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Queens Chronicle

Sunando Sen’s friends, Muslim community speak out against hate crimes

Speakers say police, city policies promote anti-Muslim thoughts

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Posted: Thursday, January 10, 2013 10:30 am | Updated: 11:23 am, Thu Jan 17, 2013.

Individuals gathered in Jackson Heights on Tuesday afternoon to mourn victims of recent hate crimes and to call on the Police Department and elected officials to change policies that they say target Muslims.

Supporters attended the rally with signs saying “Stop violence against women,” “Stop normalizing racism and violence,” and “NYPD and MTA, racial profiling and hateful ads have consequences.”

Councilmen Danny Dromm (D-Jackson Heights) and Jimmy Van Bramer (D-Sunnyside) spoke against anti-Muslim crimes and relayed anecdotes about their personal fight for lesbian, gay, bisexual and transgender rights.

“It’s time for moderate Muslims to speak up,” said Khalid Reman, a retired physician from Manhattan, “not just the voice of the extremist Muslim groups.”

Shahina Parveen, a Desis Rising Up and Moving leader, told the crowd of about 50 that her mentally ill son was manipulated by police officers into confessing to a crime he did not commit. He is serving 30 years in prison.

“People with mental health issues need help and treatment, not punishment. This not only destroyed my family, but it also spread fear in the minds of Americans,” Parveen said.

Council on American Islamic Relations Executive Director Muneer Awad claimed police move slowly to investigate hate crimes against Muslims, but are quick to publicize anti-terrorism efforts.

“We live in a city where the mayor and the Police Department say Muslims are a threat to New York,” Awad said.

Police Deputy Inspector Thomas Kavanagh attended the entire rally along with two community affairs officers. Two additional officers monitored the group from the other side and a few officers came and went throughout the event.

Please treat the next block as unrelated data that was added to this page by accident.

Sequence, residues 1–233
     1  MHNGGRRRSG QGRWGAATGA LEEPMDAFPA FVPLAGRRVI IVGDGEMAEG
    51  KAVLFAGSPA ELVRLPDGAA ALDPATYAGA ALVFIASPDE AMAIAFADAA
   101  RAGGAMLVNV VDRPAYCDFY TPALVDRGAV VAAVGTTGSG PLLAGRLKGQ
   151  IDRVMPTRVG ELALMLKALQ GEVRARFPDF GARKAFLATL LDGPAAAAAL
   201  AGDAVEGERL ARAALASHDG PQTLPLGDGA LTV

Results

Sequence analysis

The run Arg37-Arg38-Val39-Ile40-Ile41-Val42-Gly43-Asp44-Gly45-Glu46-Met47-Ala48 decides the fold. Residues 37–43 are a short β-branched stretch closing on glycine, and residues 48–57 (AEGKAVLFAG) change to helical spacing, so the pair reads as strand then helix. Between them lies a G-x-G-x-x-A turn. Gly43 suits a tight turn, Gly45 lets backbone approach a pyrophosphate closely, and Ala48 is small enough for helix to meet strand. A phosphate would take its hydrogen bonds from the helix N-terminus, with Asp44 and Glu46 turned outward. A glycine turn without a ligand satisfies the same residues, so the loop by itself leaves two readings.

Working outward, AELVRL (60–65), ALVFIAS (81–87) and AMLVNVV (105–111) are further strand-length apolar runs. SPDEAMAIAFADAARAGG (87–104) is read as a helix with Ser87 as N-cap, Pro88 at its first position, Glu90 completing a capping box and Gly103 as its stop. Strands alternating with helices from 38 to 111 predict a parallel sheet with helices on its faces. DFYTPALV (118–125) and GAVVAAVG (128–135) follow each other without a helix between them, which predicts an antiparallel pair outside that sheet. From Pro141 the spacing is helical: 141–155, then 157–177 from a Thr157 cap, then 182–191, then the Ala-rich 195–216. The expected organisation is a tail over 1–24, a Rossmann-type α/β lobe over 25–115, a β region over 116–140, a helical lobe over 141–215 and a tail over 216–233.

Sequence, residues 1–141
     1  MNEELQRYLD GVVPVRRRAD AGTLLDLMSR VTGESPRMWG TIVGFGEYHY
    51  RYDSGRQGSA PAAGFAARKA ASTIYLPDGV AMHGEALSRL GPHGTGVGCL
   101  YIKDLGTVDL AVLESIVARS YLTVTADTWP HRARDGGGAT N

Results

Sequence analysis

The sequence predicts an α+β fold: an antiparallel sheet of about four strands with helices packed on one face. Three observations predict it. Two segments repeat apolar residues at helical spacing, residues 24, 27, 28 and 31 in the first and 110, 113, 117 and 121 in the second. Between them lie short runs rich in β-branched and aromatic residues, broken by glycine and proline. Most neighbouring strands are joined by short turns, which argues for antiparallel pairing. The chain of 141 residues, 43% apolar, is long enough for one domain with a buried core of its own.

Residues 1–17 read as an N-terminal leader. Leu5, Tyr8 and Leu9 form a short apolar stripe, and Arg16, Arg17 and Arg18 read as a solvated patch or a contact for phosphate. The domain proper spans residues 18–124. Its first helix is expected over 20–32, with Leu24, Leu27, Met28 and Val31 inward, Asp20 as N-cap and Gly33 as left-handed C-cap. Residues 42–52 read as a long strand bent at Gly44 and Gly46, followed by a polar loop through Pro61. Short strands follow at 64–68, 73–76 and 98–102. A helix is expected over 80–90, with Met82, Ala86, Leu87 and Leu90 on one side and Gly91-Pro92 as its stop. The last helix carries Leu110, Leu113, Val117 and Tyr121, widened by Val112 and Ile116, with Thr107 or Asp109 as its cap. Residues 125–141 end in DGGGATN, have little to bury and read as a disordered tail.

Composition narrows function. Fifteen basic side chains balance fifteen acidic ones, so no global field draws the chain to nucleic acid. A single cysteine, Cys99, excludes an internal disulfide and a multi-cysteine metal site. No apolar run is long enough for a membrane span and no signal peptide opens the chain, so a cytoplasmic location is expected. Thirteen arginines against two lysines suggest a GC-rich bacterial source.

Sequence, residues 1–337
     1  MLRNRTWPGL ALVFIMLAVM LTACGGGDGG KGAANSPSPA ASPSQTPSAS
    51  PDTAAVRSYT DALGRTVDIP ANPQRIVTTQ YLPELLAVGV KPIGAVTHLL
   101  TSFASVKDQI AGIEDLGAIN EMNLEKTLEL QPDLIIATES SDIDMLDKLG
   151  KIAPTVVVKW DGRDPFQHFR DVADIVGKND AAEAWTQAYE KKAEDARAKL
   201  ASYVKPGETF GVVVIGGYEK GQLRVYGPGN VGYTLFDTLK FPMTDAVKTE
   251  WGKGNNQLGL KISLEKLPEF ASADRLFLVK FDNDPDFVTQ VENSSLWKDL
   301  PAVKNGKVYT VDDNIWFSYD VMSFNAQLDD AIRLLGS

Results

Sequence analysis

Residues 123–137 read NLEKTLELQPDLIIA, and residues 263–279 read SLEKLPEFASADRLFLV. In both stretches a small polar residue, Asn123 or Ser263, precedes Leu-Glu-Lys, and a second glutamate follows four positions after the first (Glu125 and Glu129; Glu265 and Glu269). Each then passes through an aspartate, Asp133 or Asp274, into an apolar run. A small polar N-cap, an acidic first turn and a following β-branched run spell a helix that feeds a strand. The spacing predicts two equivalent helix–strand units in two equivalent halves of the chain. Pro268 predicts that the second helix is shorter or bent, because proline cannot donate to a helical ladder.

Kavanagh had no comment in response to statements made against the NYPD.

There have been three publicized acts of violence against Queens Muslims — or those perceived to be Muslim — during the last two months. On Nov. 21 a man stabbed a 70-year-old man in front of a Kew Gardens Hills mosque. The suspect allegedly made anti-Muslim statements to the victim and placed threatening phone calls to the mosque before committing his crime, according to CAIR.

Three days later two men severely beat a Corona man. They asked him if he identified himself as either Hindu or Muslim. When he said he was Muslim they beat him, Awad said. 

The most recent hate crime occurred in Sunnyside, where Erika Menendez is charged with pushing Hindu Sunando Sen, a small business owner originally from India, into the path of an oncoming No. 7 train. Menendez allegedly said she did it because he was Muslim and “I hate Hindus and Muslims ever since 2001 when they put down the Twin Towers.”

A close friend and neighbor of Sen’s spoke to the crowd on Tuesday.

“I saw and talked with Sunando just moments before the incident,” Ranjit De Roy said. “He was a quiet and gentle man who never harmed anyone. How many more lives must we lose to this racism?”

De Roy added that since the incident he looks over his shoulder while in the subway. Other attendees agreed with his sentiment of fear.

Anti-Muslim advertisements placed in 10 New York City subway stations by Pamela Geller, founder of Stop the Islamization of America, was also a speaking point.

Executive Director of the Interfaith Center of New York Chloe Breyer said she supports freedom of speech, but asked the Metropolitan Transportation Authority “Is this really the moment for this? Is this what we want menacing us from the subways walls?”

She posed two more questions — one to leaders of all faiths asking if their sermons preach tolerance and one to the NYPD asking if surveillance of mosques is an effective practice or just a short-term fix.

“It is ongoing and biased governmental policies, such as pervasive surveillance of Muslim communities by the New York City Police Department, which not only violate civil rights, but also create the environment for these incidents to take place,” Racial and Immigrant Rights Organizer at DRUM Kazi Fouzia said.

The gathering ended with residents holding candles in a circle to remember those who have been victims of a hate crime.

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